Better a hundred thousand working torches than ten state-sponsored lighthouses! The immense financial resources required for an energy turnaround, from grid expansion to storage, can no longer be spent elsewhere – that much is certain. And this not-so-exotic “elsewhere” country is right on our doorstep: broken roads and bridges, dilapidated public buildings, collapsing railways, large-scale projects that take more than a lifetime to complete. And these are just the good old analogue tasks that are waiting to be tackled and paid for. What person is going to listen to a politician babbling about digitisation for the umpteenth time when he himself has to drive daily through a patchwork of signal dead spots and the loose ends of the fibre optic cables in front of his house have been sadly peering out of the holes in the ground for months. In other words: Germany has every reason to lower its sights and act smaller on the European stage. Instead of wallowing in complacency as the only advocate of the human West, one might ask how Estonia manages to supply its small population with fast Internet before Huawei shows the Germans how they do things in China.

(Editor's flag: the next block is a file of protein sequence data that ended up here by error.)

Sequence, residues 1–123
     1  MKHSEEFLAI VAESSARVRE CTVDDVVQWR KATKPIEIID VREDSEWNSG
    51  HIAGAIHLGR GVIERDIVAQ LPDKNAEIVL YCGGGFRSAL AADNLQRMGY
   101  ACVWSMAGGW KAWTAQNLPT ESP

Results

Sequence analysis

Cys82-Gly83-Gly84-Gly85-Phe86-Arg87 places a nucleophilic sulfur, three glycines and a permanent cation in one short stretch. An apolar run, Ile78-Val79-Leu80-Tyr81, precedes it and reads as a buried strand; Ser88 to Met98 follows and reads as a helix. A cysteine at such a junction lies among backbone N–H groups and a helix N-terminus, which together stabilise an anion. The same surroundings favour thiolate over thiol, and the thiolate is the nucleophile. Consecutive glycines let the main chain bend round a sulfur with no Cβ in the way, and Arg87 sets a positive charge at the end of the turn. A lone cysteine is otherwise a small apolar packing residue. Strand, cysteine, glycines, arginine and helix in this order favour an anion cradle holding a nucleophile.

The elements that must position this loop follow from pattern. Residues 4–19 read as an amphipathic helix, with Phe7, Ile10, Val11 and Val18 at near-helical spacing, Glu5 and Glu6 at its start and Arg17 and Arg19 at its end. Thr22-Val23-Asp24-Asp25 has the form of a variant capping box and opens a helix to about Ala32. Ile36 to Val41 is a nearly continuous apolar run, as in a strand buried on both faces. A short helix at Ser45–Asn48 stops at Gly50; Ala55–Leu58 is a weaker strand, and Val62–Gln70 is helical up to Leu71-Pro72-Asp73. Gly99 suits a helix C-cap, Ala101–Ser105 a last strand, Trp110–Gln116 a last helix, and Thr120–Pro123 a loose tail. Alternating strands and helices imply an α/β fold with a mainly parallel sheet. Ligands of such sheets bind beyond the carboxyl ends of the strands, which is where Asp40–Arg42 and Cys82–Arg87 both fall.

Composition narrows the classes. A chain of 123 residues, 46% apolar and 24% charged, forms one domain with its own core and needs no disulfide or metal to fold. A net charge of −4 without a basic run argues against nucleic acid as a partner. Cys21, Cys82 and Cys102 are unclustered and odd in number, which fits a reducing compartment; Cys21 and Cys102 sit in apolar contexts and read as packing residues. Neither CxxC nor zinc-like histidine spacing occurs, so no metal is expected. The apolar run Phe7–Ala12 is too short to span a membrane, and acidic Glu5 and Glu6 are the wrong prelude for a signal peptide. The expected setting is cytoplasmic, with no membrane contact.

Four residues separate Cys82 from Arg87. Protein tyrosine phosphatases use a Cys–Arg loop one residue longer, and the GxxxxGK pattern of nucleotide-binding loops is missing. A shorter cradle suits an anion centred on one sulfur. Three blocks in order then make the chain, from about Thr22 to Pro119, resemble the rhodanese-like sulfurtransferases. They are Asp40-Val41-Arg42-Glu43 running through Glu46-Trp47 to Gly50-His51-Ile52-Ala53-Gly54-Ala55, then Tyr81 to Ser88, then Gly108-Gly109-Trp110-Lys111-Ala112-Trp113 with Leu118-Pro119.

And here we come again to the beginning of our story: Europe, this vermiform appendix on the western edge of Asia, is a tremendously rich country in terms of culture, prosperity and shared history. The sad thing about wealth is that it is usually harder to secure it than to acquire. And that is precisely the position Europe is in today.